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The Allies basic strategy was one of "island hopping," that is, to take back one island at a time from Japanese occupation. A bit of luck was involved, as the American military had broken the Japanese Code, and knew Japanese war plans ahead of time. They were able to intercept the Japanese fleet at the Battle of Coral Sea and again the Battle of Midway Island, and destroy large portions of the fleet. Since Japan did not have the ability to replace lost ships, each ship lost was one less in its navy.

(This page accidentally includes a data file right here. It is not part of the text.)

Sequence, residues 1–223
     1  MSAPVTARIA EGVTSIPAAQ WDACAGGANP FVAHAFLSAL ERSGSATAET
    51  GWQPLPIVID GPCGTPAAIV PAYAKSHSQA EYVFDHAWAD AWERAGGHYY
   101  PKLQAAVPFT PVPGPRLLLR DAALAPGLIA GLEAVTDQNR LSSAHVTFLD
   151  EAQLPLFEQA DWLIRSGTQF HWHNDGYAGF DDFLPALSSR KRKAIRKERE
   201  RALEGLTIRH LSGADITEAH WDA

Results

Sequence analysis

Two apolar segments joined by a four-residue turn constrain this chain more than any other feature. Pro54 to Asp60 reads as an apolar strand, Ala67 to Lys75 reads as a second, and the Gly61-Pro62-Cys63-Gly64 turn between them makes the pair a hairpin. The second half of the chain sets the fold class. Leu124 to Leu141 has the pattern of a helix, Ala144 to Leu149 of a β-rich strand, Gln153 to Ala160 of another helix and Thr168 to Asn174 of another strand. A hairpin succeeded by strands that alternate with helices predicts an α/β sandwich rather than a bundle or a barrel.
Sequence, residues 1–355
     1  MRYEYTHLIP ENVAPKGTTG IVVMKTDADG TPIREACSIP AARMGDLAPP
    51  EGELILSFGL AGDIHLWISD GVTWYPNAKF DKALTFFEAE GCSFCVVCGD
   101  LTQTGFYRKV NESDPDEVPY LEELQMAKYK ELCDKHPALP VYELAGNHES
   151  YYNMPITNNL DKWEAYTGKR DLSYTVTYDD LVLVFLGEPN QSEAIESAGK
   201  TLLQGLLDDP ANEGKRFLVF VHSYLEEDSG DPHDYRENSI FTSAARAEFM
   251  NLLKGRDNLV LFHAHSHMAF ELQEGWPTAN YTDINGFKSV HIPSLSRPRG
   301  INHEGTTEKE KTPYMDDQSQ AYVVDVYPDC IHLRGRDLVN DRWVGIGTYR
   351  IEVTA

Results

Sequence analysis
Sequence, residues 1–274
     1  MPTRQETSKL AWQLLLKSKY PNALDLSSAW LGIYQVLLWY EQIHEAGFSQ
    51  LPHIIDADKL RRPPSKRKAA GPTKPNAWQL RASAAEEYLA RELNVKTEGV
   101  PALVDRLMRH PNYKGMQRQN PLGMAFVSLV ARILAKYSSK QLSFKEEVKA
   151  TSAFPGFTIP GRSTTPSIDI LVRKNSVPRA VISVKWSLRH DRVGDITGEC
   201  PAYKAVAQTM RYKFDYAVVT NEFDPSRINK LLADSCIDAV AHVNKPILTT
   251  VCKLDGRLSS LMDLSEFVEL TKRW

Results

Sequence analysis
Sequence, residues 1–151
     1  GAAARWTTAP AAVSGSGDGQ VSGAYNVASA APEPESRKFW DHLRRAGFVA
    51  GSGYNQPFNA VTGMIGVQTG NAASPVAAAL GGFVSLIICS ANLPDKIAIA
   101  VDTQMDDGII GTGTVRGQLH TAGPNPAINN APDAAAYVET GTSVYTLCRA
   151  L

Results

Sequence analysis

The island hopping strategy was necessary because of the determined fighting of individual Japanese soldiers for whom surrender was dishonorable and unthinkable. It was necessary to destroy all resistance in order to take the island. Eventually, the U.S. was faced with the decision of an invasion of the Japanese mainland islands, or use the Atomic Bomb. Strong factors argued for and against each; however the ultimate decision by President Truman was to use the bomb on Hiroshima and later Nagasaki. This was the final effort that brought about Japanese surrender and the end of the war.